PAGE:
I acquired a clock radio of my own. It was a Realistic Chronomatic 9 model, low-built and squared-off at the corners like a shoe box, with a faux-oak plastic cabinet, chrome and clear-plastic control dials, and rounded hour and minute hands that in the dark were backlit a dim lunar orange. These features had aspirations toward sleekness, but only a few months of ownership made clear that my radio was drab in the way the design ideas dominating mainstream consumer electronics in the mid-1970s were all drab. It was a look that was somehow between looks, one in which everything resembled everything else and nothing so much as the dashboard on the clumsy, rowboat-like LTD station wagons Ford was then producing. But if I stared at my Chronomatic 9 long enough, in the right mood it could seem, if not beautiful, almost handsome. My attachment to what came out of the clock radio quickly grew so intense I wanted an appearance to match.

What I was listening to in my room were Boston Red Sox baseball games. I hadn’t been able to get the Boston games on my old transistor, and to discover now that reception was possible on the Chronomatic 9 was joy. By game time I would have spread my homework along my bed, distributing the books and papers lengthwise, so that when I positioned myself on the floor, knees to the rug, chest pressed against the edge of the mattress, head bent over my books, to Sally and my mother passing behind me, it must have looked as though I was supplicating myself to physics and Lord Jim. The radio was to my left, on the night table, and, as I worked, the team broadcaster, Ned Martin, said, “Welcome to Fenway Park in Boston,” and right then a part of me zoomed down the I-91 highway entrance ramp and lifted out of New Haven. Martin and his commentating partner would discuss the game to come, building the anticipation until Martin cried, “Here come the Red Sox!” As he introduced the players position by position—“Jim Rice left field, Fred Lynn center field”—it was like having the cast of characters read aloud to you from the beginning of a Russian novel. All quieted as the crowd rose to listen while an organist played the National Anthem, and I stood too, put my hand to my heart, and with no flag in the room to gaze upon, instead stared fixedly at a red, white, and blue book spine on my shelf for the duration of the song. My mother began to come in and watch me standing there in still, patriotic tribute. At first I wished she would just leave me alone, but over time I began to like her observance of my observance, and when the door didn’t open, I’d reach toward the radio and raise the volume to let her know she was missing the Anthem.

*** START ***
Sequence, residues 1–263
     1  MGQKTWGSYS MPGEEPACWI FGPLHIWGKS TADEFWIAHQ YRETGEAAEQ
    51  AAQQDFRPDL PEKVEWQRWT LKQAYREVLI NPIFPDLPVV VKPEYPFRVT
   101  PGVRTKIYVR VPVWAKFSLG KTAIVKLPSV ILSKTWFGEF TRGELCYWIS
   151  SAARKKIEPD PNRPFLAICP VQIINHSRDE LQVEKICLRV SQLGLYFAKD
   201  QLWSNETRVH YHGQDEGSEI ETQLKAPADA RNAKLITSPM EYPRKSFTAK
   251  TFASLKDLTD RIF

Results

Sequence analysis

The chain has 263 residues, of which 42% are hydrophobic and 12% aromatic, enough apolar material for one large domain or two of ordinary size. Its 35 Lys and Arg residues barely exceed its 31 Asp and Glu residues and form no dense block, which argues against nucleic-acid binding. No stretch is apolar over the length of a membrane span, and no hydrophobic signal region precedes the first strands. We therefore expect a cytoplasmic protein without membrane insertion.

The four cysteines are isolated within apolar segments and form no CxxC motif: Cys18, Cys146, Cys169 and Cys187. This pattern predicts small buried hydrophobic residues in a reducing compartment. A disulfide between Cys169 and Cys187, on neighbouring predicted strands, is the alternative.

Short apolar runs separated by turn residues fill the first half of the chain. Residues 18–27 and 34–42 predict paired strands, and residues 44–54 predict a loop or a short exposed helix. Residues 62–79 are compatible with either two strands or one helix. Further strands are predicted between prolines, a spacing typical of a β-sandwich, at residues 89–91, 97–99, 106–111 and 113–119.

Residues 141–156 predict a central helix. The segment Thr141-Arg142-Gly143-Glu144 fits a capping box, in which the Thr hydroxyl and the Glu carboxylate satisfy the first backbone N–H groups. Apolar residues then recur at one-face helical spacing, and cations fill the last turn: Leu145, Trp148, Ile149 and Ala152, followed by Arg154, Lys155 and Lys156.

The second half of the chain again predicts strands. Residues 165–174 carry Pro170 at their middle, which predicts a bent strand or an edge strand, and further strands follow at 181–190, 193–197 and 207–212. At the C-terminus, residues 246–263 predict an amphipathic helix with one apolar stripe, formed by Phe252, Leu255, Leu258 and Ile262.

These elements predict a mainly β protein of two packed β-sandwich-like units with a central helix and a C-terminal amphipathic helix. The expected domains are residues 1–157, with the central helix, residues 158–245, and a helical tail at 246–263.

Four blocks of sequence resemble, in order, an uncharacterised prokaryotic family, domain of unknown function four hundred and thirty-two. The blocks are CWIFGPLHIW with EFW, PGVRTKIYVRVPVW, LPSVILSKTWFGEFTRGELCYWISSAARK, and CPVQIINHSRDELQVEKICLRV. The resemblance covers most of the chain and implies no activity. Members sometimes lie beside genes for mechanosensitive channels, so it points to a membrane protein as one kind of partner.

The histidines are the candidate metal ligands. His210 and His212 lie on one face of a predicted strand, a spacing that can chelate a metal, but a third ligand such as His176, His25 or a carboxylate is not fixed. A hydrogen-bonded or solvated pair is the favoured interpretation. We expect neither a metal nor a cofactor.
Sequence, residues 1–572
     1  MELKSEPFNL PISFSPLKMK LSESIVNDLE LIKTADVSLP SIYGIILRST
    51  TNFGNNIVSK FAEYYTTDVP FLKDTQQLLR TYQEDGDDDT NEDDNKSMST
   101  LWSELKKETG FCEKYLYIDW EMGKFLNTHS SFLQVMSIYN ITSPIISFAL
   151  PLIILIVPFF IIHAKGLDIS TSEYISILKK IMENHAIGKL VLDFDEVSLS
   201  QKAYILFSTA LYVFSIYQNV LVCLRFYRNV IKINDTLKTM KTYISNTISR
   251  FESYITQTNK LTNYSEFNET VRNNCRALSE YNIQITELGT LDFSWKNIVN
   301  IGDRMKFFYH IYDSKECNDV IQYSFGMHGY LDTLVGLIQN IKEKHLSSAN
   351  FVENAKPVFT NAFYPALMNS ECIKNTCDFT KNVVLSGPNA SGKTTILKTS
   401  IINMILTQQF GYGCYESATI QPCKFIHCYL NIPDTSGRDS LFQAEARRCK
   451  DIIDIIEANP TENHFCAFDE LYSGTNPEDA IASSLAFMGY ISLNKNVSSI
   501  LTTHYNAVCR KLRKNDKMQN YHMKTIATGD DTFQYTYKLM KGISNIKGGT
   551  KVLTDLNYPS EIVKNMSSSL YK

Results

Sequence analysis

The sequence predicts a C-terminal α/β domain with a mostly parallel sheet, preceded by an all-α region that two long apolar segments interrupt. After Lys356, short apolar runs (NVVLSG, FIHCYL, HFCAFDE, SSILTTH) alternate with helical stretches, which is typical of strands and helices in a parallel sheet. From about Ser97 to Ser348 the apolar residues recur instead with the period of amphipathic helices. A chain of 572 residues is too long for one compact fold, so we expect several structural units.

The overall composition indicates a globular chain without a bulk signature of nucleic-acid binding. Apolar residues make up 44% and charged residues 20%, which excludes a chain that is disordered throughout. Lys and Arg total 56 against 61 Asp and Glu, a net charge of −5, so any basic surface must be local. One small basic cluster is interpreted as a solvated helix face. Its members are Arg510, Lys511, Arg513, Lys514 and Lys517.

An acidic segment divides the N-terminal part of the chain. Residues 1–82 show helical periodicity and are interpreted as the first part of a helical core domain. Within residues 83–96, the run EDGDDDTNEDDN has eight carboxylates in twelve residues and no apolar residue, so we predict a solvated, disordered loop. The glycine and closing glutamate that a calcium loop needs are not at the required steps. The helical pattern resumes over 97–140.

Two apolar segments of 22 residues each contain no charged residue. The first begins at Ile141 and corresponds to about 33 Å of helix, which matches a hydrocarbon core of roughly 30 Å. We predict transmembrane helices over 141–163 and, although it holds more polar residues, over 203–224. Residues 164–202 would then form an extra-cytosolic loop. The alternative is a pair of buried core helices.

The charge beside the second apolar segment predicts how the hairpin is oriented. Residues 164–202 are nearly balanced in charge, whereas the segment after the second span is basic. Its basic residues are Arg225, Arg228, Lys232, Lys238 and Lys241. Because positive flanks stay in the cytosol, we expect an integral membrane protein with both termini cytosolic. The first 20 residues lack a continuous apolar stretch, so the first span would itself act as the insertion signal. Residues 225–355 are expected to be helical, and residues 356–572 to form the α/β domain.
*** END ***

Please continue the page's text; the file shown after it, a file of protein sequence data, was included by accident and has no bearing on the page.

Early in the game, sometimes the reception would be erratic, clogged with static, and I’d have to jiggle the tuning knob, making such minute adjustments my hand trembled. It often helped if I stood near the radio in a certain position, invariably contorted, with one arm akimbo, another limb up in the air, a palm hovering inches over the speaker, trying to maintain position, barely breathing, as the sputtering details came out of the Chronomatic 9. Then the evening progressed, and the connection grew pure. Some nights when the Red Sox weren’t playing, around the fifth inning, I could even begin to pick up broadcasts from Philadelphia or Baltimore or Pittsburgh. That had the appeal of combining the pleasures of baseball with the exploring of distant, unknown places. Between the Red Sox and me it was about something more.

After the Anthem, I was back on my knees as Martin told of the pitcher throwing his warm-up tosses—if it was Mike Torrez, he was “the big right-hander from Topeka, Kansas.” Then, finally, the game began, and when the home team pitcher threw his first strike of the day, the crowd let out a roar as though they’d vaguely doubted he would ever find his mark, and I, who’d definitely had that worry— pitching was the team’s perpetual weakness—felt a gust of wellbeing.